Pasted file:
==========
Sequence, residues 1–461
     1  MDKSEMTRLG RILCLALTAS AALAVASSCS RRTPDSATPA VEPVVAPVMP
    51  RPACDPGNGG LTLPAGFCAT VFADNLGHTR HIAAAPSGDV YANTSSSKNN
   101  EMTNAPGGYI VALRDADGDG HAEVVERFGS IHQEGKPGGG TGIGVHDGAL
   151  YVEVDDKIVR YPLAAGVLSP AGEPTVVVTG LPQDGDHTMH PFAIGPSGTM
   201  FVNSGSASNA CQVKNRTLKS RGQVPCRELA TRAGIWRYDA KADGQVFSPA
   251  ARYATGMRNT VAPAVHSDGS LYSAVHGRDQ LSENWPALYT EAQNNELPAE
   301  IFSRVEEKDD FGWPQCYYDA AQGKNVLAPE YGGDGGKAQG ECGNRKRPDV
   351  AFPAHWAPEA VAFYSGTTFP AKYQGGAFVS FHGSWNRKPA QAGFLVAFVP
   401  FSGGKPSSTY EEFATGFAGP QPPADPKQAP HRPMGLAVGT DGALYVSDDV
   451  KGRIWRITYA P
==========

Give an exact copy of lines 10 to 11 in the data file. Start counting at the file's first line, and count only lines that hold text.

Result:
   401  FSGGKPSSTY EEFATGFAGP QPPADPKQAP HRPMGLAVGT DGALYVSDDV
   451  KGRIWRITYA P